ljadw wrote:The first and foremost operational use of tanks (assault guns are not tanks,but mobile artillery) is NOT breaching a fortified line,that's the mission of the artillery .
The mission of cavalry (tanks are motorised and armoured cavalry) is to go through a breach in a fortified line and to attack the enemy's soft points .
In WWI the artillery conquered the terrain, the infantry occupied the terrain and the cavalry/tanks exploited the success.
It was not different in WWII.
It is not different today .
Sorry to burst your bubble, but this was the mission of the artillery up to WW1. Not even artillery was always able to breach the Western lines, that's the reason for the bloody deadlock on the Western Front. (otherwise it would have been a manoeuvering warfare, like in WW2, since they had plenty of horses - if they lacked the tanks)
French doctrine presupposed that Artillery was STILL instrumental in breaching a fortified line - that's the reason for Maginot line - a line designed to counter what could counter a fortified line. It may look absurd today - but that was the yesterday logic.
However: no country (and certainly not Soviet Union) was able to man up their front towards the enemy in a continuous, contiguous line. NONE. This is true especially in the large spaces in the East where it made more sense to "breach" a (non-existent) line using mobile assets instead of bringing artillery to a place where the enemy could simply swing back and render the action moot.
The only place in the entire history of warfare where there were trenches upon trenches in a continuous, uninterruptible line - was Western Front in WW1. The one and only place.
Artillery was (and still is) instrumental in breaching a particular fortified position which could not be bypassed through other means: fortresses, cities, usually static defences, not army groups. The peculiarity of the Eastern Front rendered obsolete such a military mindset, especially when RKKA had such large tracts of land to bargain with in order to gain time at their disposal.
Yes, there are several examples of dogged, stubborn city defences during the war in the East - but they were the exception, not the rule. What made this war something new were the mobile assets - be they self propelled artillery, assault guns, tanks, tank-hunters and other snippets.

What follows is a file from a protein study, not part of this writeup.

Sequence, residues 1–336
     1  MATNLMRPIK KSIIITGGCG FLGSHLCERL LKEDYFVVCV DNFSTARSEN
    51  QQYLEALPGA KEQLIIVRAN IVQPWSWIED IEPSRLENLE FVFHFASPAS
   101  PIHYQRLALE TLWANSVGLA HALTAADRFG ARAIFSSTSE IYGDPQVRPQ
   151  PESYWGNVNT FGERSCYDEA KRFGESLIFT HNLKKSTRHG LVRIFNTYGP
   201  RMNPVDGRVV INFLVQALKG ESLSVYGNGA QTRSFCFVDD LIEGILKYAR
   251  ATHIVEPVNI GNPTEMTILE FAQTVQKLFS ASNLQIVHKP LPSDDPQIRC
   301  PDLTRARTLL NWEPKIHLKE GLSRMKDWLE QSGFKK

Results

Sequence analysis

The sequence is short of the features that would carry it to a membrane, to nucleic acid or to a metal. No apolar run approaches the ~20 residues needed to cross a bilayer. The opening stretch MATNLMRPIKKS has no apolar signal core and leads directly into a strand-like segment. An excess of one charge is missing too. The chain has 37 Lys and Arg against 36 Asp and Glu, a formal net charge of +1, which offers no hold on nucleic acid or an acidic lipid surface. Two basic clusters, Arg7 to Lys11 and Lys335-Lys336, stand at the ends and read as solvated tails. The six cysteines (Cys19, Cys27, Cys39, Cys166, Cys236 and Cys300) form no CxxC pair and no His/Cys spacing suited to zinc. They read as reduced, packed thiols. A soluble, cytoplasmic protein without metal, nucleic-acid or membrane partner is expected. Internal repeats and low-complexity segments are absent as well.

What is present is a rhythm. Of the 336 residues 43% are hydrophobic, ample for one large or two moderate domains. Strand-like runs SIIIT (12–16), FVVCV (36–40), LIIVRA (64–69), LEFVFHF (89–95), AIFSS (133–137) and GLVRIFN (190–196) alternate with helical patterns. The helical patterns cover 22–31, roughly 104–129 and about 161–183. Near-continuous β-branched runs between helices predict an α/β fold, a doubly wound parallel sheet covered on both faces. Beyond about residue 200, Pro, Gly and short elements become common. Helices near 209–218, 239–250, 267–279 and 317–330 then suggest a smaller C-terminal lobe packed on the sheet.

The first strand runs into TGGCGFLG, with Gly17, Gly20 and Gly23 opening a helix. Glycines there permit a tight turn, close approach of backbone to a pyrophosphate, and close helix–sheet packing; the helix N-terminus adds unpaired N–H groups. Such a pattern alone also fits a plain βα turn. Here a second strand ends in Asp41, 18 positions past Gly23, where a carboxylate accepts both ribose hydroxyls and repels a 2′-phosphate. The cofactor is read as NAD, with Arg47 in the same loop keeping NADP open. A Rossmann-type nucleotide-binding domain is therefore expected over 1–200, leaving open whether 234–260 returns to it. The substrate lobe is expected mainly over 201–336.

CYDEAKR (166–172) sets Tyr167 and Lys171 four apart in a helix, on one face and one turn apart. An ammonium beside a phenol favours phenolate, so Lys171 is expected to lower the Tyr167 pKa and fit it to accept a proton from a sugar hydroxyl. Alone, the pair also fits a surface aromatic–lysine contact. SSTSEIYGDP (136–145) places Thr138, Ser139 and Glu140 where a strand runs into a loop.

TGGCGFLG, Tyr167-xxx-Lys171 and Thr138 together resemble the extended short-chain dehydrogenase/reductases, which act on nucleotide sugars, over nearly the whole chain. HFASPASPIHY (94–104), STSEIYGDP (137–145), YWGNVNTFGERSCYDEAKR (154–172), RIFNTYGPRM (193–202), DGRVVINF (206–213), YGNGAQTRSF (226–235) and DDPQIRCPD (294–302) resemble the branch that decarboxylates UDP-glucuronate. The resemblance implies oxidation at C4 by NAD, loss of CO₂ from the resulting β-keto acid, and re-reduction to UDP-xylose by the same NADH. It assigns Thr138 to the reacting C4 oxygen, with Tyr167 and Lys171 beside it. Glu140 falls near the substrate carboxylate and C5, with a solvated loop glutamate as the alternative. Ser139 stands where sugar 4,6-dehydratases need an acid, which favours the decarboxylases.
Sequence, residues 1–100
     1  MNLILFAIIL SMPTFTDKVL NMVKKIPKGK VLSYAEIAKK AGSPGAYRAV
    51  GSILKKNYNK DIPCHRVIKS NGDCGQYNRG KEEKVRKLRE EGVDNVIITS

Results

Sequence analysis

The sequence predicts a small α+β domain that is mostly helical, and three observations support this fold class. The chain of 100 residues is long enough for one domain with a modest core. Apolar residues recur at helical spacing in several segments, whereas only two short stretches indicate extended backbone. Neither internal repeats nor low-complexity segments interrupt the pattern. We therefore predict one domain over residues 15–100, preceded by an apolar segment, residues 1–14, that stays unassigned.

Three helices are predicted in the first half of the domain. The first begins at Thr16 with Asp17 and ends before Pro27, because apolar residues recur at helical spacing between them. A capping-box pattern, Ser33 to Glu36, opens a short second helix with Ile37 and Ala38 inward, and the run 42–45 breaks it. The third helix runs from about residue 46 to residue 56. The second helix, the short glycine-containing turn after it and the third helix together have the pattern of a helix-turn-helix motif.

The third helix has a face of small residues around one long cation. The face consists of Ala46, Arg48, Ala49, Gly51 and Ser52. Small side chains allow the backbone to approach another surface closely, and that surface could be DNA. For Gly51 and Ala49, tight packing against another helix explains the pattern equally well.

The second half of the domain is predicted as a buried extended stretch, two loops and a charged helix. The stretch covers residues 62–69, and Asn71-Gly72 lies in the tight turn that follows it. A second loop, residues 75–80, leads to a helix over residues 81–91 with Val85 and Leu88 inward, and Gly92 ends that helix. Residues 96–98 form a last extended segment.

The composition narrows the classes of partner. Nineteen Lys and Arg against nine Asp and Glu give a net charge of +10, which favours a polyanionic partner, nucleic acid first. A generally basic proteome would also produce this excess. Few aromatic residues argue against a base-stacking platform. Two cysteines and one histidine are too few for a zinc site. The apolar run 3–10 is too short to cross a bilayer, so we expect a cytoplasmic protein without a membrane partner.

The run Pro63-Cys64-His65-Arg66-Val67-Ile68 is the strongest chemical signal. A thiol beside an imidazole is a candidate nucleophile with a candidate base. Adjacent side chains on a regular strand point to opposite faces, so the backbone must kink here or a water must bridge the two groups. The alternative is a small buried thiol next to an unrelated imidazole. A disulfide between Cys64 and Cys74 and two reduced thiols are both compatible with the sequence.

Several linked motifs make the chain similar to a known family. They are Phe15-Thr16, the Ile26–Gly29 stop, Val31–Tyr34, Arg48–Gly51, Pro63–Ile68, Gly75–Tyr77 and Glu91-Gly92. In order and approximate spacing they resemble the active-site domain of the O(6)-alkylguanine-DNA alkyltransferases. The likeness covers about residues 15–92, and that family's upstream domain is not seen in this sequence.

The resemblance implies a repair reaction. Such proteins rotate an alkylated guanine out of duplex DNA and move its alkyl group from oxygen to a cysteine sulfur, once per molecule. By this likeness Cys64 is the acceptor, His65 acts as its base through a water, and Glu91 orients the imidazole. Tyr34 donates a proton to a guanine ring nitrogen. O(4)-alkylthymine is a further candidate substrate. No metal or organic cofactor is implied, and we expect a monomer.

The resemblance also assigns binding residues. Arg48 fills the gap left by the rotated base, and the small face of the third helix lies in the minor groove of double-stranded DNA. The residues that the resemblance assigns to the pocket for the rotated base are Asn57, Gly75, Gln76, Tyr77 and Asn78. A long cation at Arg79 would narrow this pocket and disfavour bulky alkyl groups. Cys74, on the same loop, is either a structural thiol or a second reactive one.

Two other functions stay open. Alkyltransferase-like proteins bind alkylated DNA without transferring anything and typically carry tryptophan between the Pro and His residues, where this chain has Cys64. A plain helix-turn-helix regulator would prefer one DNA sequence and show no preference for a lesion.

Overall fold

This role of artillery started to get old during WW1 (it was gradually replaced by aerial bombardments - bombers and zeppelins) and is nowadays completely replaced by planes*. Today artillery has a suppresion role during an offensive operation, trying to get the defenders of a line to run for cover instead of manning it up against attackers. You can find this role even in prior wars, if you dig up enough.
* in the 3d environment of today warfare it makes more sense to deny supplies through aerial operations than bombing the line in order to breach it.
BDV wrote: [
Thus the problem can be traced to the idea that German infantry had not enough armored support, either as Mobile AT or SPArt components.
No:the problem is that German tanks had not enough infantry and artillery support and that the available support was not motorized . The tanks could only advance at the speed of the infantry/artillery= 4 km per hour .
If you add up the number of days spent by Germans during their advance you can probably find out that there was plenty of time to get to Moscow at 4 km per hour - provided the RKKA offered no resistance. The reason they could not advance 4 km / hour while fighting has nothing to do with logistics and nothing to do with fighting. It has - however - everything to do with military planning, kriegspiels and contingency plans. It sucks to go in the East without any of these.